Aliases MMP27, MMP-27, matrix metallopeptidase 27
External IDs MGI: 3039232 HomoloGene: 23345 GeneCards: MMP27
Species Human Mouse









RefSeq (mRNA)



RefSeq (protein)



Location (UCSC) Chr 11: 102.69 – 102.71 Mb Chr 9: 7.57 – 7.58 Mb
PubMed search [1] [2]
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Matrix metallopeptidase 27 also known as MMP-27 is an enzyme which in humans is encoded by the MMP27 gene.[3]


MMP-27 was discovered and cloned in 1998 by Yang and Kurkinen.[4] Initially compared to the so-called Chicken MMP (CMMP), MMP-27 actually shows very little sequence homology with this protease. Sequence homology predicts that the human MMP-27 gene encodes the canonical domains shared by most MMPs (annotation based on Uniprot entry Q9H306): (i) a signal peptide (residues 1-17), (ii) a propeptide (18-98) containing the cysteine switch motif (89-96), (iii) a catalytic domain (99-263) containing the typical HEXXHXXGXXH motif of the metzincins (M10 and M12 families of the MEROPS[2] database), (iv) a proline-rich hinge region (264-278) and (v) a hemopexin-like domain (279-465) folded as a four-bladed β-propeller through disulfide bond formation between the two flanking Cys residues (Cys279 and Cys465). MMP-27 could be classified in the stromelysin group of MMPs, since MMP-27 shows 51,6% homology with stromelysin-2 (MMP-10) and localizes in the cluster of MMPs located on chromosome 11.

Interestingly, like the six known MT-MMPs, human MMP-27 is prolonged by an additional C-terminal domain (466-513). The Spoctopus algorithm for topological prediction[5] suggests that this C-terminal extension (CTE) includes a potential transmembrane domain (490-510). However, this sequence is less hydrophobic than in transmembrane MT-MMPs (MMP-14, -15, -16 and -24) as it contains hydrophilic/charged residues, in particular His492, Lys493, His504 and Lys507.


Proteins of the matrix metalloproteinase (MMP) family are involved in the breakdown of extracellular matrix in normal physiological processes, such as embryonic development, reproduction, and tissue remodeling, as well as in disease processes, such as arthritis and metastasis. Most MMPs are secreted as inactive proproteins which are activated when cleaved by extracellular proteinases.[6]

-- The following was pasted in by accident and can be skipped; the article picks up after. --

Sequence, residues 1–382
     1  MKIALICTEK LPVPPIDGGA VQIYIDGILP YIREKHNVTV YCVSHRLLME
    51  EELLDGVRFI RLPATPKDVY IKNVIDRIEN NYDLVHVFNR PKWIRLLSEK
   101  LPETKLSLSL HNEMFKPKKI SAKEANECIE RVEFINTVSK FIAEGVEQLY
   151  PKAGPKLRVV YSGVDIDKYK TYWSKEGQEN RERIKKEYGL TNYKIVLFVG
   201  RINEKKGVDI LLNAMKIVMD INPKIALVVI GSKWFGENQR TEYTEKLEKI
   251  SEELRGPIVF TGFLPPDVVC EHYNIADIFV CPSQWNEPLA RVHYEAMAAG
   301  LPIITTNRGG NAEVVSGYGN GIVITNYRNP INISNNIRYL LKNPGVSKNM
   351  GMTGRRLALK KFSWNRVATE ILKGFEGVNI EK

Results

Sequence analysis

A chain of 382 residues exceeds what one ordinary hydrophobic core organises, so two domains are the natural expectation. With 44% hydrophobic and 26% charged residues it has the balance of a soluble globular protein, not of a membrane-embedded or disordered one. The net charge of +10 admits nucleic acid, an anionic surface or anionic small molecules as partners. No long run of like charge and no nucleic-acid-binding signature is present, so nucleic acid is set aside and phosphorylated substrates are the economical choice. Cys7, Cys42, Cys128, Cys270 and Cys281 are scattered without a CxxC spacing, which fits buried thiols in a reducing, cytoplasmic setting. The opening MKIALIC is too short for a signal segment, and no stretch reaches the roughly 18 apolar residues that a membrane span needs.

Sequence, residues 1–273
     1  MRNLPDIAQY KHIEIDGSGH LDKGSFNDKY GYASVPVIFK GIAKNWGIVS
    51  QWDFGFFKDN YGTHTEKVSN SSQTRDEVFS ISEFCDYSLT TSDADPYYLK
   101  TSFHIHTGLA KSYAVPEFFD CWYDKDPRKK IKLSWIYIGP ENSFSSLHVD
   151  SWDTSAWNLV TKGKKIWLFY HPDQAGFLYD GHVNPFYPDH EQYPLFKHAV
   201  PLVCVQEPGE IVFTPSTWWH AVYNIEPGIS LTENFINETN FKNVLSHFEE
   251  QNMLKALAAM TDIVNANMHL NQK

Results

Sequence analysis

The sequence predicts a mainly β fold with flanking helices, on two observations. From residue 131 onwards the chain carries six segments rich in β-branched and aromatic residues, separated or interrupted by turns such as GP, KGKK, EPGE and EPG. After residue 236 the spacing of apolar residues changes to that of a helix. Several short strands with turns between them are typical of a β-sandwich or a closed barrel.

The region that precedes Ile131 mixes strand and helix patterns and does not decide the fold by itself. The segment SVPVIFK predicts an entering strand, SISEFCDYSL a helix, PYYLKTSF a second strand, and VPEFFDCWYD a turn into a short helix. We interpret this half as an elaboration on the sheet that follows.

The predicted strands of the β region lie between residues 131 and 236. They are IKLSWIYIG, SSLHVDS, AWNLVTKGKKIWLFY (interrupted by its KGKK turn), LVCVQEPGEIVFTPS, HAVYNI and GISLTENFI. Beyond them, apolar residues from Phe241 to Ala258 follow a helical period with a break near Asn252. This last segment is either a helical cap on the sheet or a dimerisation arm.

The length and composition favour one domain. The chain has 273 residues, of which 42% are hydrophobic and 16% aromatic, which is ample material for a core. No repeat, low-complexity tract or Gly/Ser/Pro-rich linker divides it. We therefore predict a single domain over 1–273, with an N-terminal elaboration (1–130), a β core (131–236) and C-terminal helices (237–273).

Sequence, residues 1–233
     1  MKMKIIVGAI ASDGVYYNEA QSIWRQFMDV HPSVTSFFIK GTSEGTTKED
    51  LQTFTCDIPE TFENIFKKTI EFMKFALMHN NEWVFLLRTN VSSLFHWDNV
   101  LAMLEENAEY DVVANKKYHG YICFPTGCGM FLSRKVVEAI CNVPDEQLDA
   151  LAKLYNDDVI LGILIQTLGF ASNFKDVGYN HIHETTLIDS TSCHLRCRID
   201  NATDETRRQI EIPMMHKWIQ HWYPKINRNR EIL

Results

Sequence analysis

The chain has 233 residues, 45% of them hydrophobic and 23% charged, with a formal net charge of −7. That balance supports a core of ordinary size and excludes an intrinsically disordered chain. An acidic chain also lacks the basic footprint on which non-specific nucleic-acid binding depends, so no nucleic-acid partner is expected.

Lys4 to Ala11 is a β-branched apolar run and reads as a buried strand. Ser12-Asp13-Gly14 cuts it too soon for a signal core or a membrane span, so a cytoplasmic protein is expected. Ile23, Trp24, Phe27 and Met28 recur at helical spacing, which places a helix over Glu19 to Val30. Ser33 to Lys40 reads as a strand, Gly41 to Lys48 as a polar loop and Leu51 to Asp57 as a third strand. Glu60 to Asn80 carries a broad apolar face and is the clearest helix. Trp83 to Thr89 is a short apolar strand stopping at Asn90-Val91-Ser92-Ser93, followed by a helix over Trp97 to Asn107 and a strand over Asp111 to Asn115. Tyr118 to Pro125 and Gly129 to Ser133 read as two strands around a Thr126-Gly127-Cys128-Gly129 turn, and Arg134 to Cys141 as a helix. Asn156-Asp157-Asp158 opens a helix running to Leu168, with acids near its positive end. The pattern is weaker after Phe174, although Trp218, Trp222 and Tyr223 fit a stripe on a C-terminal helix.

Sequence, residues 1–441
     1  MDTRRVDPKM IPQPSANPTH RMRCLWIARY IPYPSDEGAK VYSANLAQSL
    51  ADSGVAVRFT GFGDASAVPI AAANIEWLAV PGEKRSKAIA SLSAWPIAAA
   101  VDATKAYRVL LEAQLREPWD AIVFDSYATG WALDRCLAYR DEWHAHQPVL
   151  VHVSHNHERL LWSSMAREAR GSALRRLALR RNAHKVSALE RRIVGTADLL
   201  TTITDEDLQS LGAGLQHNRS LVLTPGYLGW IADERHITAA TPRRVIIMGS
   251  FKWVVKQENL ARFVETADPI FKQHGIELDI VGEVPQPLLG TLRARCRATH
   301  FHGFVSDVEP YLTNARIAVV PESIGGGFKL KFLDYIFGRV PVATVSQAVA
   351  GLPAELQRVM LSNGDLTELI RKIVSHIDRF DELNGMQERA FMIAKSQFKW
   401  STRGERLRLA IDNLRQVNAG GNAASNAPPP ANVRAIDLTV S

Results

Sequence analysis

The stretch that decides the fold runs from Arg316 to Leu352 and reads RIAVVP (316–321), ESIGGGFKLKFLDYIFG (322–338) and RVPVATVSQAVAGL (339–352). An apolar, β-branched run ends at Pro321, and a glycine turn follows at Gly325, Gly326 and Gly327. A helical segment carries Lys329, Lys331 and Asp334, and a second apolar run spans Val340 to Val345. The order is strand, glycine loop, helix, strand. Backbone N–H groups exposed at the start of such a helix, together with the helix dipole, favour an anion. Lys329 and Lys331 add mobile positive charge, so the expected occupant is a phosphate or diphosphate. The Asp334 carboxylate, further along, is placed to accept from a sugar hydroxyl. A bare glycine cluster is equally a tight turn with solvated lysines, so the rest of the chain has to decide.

Cominelli A. and colleagues demonstrated that MMP-27 is an unusual protease which is not secreted and is efficiently retained in the endoplasmic reticulum in three mammalian cell lines.[7] Deletion mutants and swapping with recombinant MMP-10 demonstrate that the unique MMP-27 C-terminal extension (CTE) is necessary and sufficient for endoplasmic reticulum retention but does not provide a stable membrane anchorage. Despite sequence homology with MT-MMPs, the CTE is not a transmembrane domain and does not interact permanently with membrane. This unique feature for an MMP raises important questions about potential functions of MMP-27, which remains to be investigated.

Clinical significance

Sparse information about MMP-27 expression was found in studies of gene expression profiling (micro-array) or in expression pattern analysis of MMP family members during developmental, physiological or pathological processes. MMP-27 transcript is detected in almost every tissue, except the brain, with the highest expression found in the liver during mouse development[8] In the adult, MMP-27 mRNA is mostly abundant in anti-IgG/IgM stimulated B lymphocytes,[9] bone and kidney but is present at lower levels in the heart.[10]

A recent investigation of the transcriptome from distinct tissue compartments of the menstrual endometrium disclosed specific MMP-27 overexpression in areas of stromal breakdown.[11] In another transcriptomic study, MMP-27 was found to be increased in the human endometrium at the end of the secretory phase, before menstruation.[12] Moreover, MMP-27 expression is down-regulated in macrophages when co-cultured with ovarian cancer cells[13] but up-regulated in cartilages from patients with osteoarthritis[14] or in abdominal aortic aneurysms.[15] MMP-27 was also identified, at the protein level, in MDA-MB-231 breast cancer cell line[16] and in primary human breast cancer.[17] Recently, MMP-27 has been demonstrated to be expressed by CD163+/CD206+ macrophages in the human endometrium and in superficial endometriotic lesions.[18]